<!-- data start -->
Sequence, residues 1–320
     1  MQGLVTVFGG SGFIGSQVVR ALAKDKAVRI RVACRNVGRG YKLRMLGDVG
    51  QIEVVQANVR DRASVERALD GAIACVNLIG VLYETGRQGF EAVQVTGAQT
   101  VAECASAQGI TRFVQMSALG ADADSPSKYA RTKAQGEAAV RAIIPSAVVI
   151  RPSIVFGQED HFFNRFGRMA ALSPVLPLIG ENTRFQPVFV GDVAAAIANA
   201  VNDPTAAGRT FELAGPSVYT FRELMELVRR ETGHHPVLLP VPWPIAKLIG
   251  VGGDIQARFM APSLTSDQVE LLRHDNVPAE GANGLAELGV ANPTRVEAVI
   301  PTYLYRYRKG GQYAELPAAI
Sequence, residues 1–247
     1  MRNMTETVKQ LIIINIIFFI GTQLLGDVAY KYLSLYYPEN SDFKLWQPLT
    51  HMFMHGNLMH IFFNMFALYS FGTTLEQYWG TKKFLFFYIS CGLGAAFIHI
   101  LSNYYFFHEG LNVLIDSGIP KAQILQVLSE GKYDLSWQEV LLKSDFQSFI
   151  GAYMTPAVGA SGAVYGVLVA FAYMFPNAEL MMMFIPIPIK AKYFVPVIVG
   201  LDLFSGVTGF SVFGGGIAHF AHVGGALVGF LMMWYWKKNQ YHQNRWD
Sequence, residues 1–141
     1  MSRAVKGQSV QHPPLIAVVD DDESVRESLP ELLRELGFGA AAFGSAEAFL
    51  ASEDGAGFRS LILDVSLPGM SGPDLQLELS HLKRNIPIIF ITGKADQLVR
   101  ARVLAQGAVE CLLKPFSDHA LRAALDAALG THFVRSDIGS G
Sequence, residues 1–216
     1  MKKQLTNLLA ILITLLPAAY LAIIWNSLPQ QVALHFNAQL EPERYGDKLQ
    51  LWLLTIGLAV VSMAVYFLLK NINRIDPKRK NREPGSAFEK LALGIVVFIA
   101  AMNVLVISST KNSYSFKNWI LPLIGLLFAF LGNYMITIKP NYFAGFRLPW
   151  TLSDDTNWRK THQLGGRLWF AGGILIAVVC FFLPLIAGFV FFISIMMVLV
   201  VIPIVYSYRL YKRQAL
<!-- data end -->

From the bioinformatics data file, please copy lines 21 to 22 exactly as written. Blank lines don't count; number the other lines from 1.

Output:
    51  LWLLTIGLAV VSMAVYFLLK NINRIDPKRK NREPGSAFEK LALGIVVFIA
   101  AMNVLVISST KNSYSFKNWI LPLIGLLFAF LGNYMITIKP NYFAGFRLPW